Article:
The McKennas wound up buying six horses that day for around $170,000, with Conquest Mo Money being the cheapest. Since the horse's impressive run this year, the McKennas say they have been offered in the "seven figures" range to sell it, including from Mark Casse, the trainer of Classic Empire, who went into the Kentucky Derby as the 4-1 favorite before finishing fourth at Churchill Downs.
"He a beautiful horse and they've done a great job with him," Casse said Tuesday.
Casse knows firsthand what kind of horse the McKennas have, training Classic Mo Money for a while when he was owned by Conquest Stables. Because of a string of injuries, Classic Mo Money never raced for Casse.
"When we had him, he had a lot of what we call 'baby' issues," Casse said. "Nothing of any great significance. We started and stopped him three times — for [injured] shins, ankles. We breezed him a few times. Did he ever show he was a superstar? No. But we were never able to get him to a point where we could get him in any type of pattern to get a true read on him."
Casse said that Sunland Park was the perfect setting for Conquest Mo Money to grow as a competitor.
"I was just thinking about him a little bit today," Casse said. "I'm a big believer in horses getting confidence. Maybe the best thing that happened to him was that he started at a smaller racetrack. If you look at his early races, they were good but they were against a much lesser quality of horse. As he keeps winning, he keeps getting better and better."
Said Tom McKenna, "The horse has a better mind than any horse I've ever had. You'd think he's 8 years old. Nothing excites him, nothing upsets him. He's quite a horse, easy to work with."
The inquiry from Casse, who has Classic Empire running in the Preakness, was one of many the McKennas said they have received.
"Believe me, I've got a whole page full of people who tried to buy that horse," McKenna said. "If I had been 20 years younger, I would never have looked back. I would have sold him without a doubt for some ridiculous amount of money I was offered. At my particular stage of the game, we love the sport, we like to race. That's what we do, so we're not in any hurry to get to the breeding barn."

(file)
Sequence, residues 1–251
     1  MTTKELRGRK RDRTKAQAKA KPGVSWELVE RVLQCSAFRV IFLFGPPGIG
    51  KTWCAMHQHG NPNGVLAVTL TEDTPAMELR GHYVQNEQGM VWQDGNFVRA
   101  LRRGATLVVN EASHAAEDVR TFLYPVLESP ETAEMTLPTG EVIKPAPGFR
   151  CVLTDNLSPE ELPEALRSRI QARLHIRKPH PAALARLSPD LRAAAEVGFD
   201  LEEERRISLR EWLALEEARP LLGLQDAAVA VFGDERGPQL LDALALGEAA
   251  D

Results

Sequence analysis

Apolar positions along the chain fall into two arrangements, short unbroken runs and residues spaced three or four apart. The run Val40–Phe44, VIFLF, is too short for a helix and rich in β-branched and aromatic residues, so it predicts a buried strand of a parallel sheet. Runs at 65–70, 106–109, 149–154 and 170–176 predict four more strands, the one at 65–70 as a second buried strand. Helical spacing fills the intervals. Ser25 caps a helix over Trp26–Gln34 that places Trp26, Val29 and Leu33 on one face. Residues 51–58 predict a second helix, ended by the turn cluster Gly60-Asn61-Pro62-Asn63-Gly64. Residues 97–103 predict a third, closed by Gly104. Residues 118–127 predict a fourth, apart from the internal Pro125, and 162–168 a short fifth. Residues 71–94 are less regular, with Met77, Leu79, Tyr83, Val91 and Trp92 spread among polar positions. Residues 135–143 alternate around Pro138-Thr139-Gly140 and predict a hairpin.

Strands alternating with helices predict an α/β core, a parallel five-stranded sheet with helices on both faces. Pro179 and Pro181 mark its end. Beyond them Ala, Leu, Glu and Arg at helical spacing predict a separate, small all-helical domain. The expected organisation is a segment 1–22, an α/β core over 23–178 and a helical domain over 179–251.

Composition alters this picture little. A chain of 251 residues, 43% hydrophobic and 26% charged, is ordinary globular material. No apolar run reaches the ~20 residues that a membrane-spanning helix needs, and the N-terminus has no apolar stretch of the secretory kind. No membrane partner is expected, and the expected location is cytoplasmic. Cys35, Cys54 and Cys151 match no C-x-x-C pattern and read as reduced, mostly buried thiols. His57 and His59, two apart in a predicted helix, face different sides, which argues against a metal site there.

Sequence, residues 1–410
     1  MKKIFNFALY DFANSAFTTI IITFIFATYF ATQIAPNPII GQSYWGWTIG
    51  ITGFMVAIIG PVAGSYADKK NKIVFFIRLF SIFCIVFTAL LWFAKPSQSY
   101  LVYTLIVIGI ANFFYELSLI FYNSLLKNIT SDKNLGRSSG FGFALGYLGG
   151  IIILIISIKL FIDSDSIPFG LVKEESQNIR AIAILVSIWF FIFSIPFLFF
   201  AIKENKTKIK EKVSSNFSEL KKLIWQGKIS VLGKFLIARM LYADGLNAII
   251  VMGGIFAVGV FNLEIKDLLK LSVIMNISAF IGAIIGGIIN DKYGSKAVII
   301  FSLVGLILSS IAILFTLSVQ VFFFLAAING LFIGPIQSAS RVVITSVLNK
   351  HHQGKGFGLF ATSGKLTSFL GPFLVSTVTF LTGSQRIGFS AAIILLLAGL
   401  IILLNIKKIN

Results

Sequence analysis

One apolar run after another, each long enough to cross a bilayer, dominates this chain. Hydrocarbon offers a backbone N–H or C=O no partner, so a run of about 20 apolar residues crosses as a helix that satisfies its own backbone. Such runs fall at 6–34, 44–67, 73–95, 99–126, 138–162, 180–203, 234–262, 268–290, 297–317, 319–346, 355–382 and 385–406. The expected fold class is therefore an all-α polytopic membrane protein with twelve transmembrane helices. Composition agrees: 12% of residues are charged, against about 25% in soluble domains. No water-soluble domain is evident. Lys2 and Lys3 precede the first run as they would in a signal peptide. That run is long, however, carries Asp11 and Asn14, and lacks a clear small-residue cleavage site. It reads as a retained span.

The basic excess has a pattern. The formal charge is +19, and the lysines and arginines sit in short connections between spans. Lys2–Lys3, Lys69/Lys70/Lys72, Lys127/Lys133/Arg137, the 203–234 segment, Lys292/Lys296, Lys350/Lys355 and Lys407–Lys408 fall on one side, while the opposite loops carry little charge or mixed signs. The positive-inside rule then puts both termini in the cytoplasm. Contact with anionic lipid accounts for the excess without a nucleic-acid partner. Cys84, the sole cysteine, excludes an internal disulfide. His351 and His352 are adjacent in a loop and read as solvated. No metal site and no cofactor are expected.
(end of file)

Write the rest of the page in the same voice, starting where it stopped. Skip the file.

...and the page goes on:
Sandy McKenna said her husband might have been initially tempted, but she and trainer Miguel Hernandez would quickly quash any thoughts of cashing in.
"Finally, I said to Tom, 'What do you think you have, mo' time or Mo Money?'" she said. "It's kind of been a standard joke."
Sandy McKenna said that she and her husband have used the experience of another of their horses — a now-8-year-old filly named African Rose, who they bought as a 2-year-old and later won a number of stakes races — in the training of Conquest Mo Money.
"We feel like she had a lot more potential than we pushed her to. We feel like we did not manage her properly; I think that's the best way to say that," she said. "I think we used her as a lesson and realized that we are now blessed with this wonderful racehorse. It's in his best interest for sure to make sure he is properly managed and allowed to show his talent."
Sandy McKenna, who grew up in Dallas and never set foot in a racetrack before marrying her husband, has become well-versed in the business of thoroughbreds.
"We complement each other very nicely, I think," she said. "I'm more of the detail person and he's the genius. We spend all of our time together. We're not like most couples. We enjoy each other's company and the racing, and so we're kind of different in that. It's a nice way to live."
Whether or not this is the ultimate example of racing luck, Tom McKenna is appreciative of what's in store come Saturday.
"We've paid our dues, if that's what you're asking," he said with a laugh. "At my age, I find every day amazing. Life's an adventure. If you run out of adventure, you run out of life."